The importance of the book is nothing worth noting unless it is also noted who had the book. In this case, after Miron, the new owners were the Abysmyths: giant, emaciated demons with the heads of fish who drown men on dry land. Fittingly enough, their leader, the Deepshriek, was even more horrendous. I suppose if I were a huge man-thing with a fish-head, I would follow a huge fish-thing with three man-heads
.

Or woman-heads, in this case, I’m sorry. Apologies again; two woman-heads. The third rests comfortably at my side, blindfolded and gagged. It does have the tendency to scream all on its own
.

Still, one can’t honestly recount the trouble surrounding this book if one neglects to mention the netherlings. I never saw one alive, but unless they change colour when they die, they appear to be very powerful, very purple women. All muscle and iron, I’m told by my less fortunate companions who fought them, that they fight like demented rams and follow short, effeminate men in dresses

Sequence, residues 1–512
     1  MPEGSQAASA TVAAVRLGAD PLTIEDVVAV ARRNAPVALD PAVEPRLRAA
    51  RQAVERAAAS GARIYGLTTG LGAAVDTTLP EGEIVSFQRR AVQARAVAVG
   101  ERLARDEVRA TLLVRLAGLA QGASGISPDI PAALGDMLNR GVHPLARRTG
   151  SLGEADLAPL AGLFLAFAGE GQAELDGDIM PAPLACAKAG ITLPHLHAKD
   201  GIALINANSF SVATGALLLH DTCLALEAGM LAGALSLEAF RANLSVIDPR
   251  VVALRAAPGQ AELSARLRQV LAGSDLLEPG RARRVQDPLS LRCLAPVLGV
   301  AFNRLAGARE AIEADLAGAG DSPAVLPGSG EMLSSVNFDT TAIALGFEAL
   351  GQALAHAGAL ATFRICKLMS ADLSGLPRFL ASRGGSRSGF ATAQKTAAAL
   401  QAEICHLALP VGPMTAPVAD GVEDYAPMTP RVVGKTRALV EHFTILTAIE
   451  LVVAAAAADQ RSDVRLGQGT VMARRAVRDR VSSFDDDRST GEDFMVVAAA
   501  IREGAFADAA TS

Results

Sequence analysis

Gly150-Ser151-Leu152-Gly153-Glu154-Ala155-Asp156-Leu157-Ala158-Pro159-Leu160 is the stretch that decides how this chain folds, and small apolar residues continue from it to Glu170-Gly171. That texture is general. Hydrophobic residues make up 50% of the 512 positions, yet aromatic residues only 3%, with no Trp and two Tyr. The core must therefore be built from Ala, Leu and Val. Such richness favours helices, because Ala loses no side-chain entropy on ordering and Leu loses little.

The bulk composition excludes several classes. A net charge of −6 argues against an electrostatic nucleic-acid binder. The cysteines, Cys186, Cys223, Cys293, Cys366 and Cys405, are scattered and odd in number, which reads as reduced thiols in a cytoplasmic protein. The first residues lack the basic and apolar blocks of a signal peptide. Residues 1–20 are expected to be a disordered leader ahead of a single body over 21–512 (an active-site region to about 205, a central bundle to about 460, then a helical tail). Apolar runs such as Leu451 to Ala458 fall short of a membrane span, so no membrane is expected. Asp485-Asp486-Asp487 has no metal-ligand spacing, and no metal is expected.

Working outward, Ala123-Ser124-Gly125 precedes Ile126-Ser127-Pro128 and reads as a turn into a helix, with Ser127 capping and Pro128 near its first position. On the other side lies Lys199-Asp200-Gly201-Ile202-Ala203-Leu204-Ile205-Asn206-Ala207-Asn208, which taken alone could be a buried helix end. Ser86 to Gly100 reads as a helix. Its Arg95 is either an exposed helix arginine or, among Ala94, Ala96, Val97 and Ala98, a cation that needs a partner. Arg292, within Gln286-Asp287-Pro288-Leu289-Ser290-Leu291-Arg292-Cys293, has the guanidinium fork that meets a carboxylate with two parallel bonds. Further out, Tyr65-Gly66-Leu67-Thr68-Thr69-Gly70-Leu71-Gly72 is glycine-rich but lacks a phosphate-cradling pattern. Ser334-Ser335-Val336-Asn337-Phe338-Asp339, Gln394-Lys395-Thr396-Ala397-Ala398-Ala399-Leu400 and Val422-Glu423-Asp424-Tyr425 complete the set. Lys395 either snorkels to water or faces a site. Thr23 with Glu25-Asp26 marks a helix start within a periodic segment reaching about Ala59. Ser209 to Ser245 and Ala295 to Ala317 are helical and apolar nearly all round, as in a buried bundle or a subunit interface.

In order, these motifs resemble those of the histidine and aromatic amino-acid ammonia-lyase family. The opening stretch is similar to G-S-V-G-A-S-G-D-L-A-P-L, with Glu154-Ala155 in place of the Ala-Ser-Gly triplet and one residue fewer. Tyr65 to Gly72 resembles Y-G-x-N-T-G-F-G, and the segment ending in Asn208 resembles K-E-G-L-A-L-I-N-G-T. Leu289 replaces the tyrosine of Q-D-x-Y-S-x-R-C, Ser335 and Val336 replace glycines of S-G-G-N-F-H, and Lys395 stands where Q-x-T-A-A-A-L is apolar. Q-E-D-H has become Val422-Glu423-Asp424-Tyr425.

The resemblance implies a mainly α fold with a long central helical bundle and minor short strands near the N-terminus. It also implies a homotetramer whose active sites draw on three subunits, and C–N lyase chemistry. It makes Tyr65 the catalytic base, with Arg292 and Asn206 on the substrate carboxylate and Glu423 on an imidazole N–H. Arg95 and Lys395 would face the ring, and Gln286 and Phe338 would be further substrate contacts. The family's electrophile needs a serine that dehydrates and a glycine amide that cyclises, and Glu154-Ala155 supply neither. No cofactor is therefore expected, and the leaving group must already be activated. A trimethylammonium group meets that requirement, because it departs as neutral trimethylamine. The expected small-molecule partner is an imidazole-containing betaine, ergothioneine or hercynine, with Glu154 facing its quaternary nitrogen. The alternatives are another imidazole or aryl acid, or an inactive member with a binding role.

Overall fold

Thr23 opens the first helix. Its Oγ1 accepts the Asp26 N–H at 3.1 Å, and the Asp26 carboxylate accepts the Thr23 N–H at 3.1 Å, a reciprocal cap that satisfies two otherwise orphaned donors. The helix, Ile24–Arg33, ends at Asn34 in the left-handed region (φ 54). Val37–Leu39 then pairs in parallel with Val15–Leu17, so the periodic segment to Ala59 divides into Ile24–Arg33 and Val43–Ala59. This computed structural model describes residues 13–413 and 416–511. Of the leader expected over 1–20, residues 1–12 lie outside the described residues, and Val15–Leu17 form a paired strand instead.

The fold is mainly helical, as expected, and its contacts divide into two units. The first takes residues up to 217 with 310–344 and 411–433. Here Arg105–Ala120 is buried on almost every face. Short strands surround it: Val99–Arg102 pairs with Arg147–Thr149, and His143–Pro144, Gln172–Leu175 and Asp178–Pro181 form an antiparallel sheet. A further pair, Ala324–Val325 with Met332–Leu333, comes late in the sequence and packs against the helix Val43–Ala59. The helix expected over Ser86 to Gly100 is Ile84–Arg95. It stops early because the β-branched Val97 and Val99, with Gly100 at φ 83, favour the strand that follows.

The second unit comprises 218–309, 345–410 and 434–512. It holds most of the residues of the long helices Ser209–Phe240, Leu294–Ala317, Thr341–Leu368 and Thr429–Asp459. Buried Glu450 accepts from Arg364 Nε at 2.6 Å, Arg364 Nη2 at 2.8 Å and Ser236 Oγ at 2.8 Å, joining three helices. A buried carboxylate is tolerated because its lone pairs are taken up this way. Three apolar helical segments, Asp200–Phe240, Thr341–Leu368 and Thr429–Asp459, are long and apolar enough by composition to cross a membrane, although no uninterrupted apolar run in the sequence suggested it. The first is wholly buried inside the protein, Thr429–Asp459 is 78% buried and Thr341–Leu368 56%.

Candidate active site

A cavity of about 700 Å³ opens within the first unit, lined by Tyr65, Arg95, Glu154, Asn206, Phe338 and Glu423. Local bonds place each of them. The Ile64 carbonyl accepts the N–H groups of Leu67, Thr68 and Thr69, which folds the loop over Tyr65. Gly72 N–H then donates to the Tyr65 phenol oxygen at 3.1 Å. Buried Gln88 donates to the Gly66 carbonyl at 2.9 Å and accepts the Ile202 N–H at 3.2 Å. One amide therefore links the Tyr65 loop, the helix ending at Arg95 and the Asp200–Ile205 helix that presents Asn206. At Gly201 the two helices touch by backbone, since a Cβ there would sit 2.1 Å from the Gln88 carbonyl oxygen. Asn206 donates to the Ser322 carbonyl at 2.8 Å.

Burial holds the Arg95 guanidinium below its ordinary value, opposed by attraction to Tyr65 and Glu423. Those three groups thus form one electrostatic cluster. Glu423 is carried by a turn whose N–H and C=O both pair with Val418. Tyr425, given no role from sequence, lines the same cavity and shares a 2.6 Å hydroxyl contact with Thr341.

.

As bad as things got, however, it’s all behind us now. Despite the fact that the Deepshriek escaped with two of its heads, despite the fact that the netherlings’ commander, a rather massive woman with sword to match escaped, despite the fact that we are currently becalmed with one day left until the man sent to pick us up from the middle of the sea decides we’re dead and leaves and we
really
die shortly after and our corpses rot in the noonday sun as gulls form polite conversation over whether my eyeballs or my stones are the more tasty part of me …

One moment, I’m not quite sure where I intended to go with that statement
.